The rewards for such a tiny amount of energy? Well, there are many! Descending into the hole you get a nice sense of  the whole place feeling very hidden from the outside world. Wander about and soak up this amphitheater- the vertical walls of mud, moss and rotten rock lined with a tangle of trees give the place a jungle-esque feel to it. Very clearly in view is a 15m high waterfall- the 2nd highest in the Peak District after the Kinder Downfall- which is pretty impressive and mesmerising to watch, especially in spate. The floor of the swallet is notably exceptionally muddy, and where the stream drains underground into a small sinkhole moving about can be quite 'interesting' to say the least. Word has it that during after winter storms the whole floor can flood- which although I've never seen it myself- is definitely believable and would make for a very cool sight!  A content 20 minutes can be spent just chilling out among the water, mud, and trees whilst nicely cut off from the world above.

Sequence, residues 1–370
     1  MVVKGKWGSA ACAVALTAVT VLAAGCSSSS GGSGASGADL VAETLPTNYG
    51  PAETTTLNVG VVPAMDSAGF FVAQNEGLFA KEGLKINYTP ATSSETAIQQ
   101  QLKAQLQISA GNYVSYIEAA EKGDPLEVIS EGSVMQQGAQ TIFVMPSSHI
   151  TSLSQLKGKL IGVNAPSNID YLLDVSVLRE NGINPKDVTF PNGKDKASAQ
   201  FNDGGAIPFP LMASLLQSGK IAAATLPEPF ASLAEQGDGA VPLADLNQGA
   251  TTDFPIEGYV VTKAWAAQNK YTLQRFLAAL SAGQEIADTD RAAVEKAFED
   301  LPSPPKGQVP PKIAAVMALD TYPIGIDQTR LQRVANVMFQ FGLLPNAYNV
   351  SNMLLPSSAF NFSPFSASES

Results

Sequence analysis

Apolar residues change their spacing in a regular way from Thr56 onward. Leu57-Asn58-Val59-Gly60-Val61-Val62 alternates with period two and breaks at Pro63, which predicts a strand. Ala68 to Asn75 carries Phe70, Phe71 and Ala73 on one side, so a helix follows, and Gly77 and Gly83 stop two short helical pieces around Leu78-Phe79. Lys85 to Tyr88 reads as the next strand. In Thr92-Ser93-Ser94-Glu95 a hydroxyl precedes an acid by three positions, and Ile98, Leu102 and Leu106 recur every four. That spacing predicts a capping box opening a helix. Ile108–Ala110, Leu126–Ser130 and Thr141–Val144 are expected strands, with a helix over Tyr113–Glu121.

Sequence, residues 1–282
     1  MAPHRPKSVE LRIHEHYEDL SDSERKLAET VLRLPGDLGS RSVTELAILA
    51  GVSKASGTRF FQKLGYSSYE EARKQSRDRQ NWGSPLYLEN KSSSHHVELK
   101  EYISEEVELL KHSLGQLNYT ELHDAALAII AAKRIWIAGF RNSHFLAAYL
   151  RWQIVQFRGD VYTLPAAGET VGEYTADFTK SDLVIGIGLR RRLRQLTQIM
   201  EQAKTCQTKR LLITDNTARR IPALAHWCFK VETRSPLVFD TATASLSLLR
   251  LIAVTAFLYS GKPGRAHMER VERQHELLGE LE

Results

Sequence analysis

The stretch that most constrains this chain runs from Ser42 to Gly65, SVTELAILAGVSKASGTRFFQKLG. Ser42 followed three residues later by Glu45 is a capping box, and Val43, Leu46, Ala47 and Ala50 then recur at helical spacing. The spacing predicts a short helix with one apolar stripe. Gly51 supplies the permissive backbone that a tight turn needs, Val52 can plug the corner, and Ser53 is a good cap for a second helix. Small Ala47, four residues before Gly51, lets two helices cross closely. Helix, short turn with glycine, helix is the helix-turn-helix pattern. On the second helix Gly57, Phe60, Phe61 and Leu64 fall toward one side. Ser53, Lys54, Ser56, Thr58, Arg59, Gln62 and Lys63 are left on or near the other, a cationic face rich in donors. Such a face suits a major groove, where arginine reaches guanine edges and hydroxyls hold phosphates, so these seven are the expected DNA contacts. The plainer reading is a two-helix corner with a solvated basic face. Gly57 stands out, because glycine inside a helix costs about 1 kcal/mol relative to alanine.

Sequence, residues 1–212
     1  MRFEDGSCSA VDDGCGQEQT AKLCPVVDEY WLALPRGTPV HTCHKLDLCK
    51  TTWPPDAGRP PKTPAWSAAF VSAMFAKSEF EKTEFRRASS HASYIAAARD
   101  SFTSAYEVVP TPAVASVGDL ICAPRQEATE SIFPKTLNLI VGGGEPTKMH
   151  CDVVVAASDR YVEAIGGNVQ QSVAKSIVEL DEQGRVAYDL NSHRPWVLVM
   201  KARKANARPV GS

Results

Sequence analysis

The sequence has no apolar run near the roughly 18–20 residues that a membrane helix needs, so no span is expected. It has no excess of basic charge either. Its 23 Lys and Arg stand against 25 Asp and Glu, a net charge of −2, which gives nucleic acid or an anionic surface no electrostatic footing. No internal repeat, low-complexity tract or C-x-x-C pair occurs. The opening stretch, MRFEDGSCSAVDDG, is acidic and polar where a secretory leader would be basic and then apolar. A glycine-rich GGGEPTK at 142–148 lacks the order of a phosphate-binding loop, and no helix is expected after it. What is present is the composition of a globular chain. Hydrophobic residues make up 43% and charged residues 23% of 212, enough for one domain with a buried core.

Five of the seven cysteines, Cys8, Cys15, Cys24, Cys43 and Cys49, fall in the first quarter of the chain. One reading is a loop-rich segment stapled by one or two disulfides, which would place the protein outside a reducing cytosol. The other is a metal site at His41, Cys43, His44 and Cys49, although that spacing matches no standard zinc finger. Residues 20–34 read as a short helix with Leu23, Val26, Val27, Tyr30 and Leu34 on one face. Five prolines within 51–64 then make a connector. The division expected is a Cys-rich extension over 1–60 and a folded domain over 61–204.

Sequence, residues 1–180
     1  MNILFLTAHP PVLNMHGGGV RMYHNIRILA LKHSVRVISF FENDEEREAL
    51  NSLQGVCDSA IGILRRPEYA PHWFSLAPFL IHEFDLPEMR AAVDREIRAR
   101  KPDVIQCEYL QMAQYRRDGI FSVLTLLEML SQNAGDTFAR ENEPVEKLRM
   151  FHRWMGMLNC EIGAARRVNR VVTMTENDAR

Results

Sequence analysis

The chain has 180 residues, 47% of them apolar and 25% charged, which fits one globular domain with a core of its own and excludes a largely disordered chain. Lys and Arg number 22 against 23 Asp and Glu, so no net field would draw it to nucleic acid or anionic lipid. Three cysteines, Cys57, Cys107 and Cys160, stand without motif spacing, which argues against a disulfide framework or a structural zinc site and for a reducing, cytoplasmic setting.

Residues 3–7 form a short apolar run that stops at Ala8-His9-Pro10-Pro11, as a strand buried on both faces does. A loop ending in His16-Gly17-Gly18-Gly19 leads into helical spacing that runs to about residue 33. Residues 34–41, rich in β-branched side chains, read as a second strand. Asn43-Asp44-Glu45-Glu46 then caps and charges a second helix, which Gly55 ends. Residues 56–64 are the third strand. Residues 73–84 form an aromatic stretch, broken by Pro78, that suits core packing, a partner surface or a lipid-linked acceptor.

The Barrel Inn at Bretton. One of the nicest places to
sit outside and enjoy a pint in Peakland.

  That's the Waterfall Swallet then. Oh, on a nice day the Barrel Inn at Bretton is just about the loveliest pub in Peakland to sit and have a pint on a sunny afternoon/ evening whilst gazing over the Hucklow Plain to Longstone Moor. And close by below Litton is Peter's Stone which is worthwhile visiting for a short-but-sweet scramble. If the weather is rubbish and the belly is hungry you can't go wrong with the Red Lion at Litton for cosy atmosphere and great food. Another little detour is the short plod up Litton Edge for idyllic views over the village and the Limestone Plateau. Rainy days in Peakland don't need to involve trudging through the hell that is Bakewell or drowning in a bog on Kinder. Winning!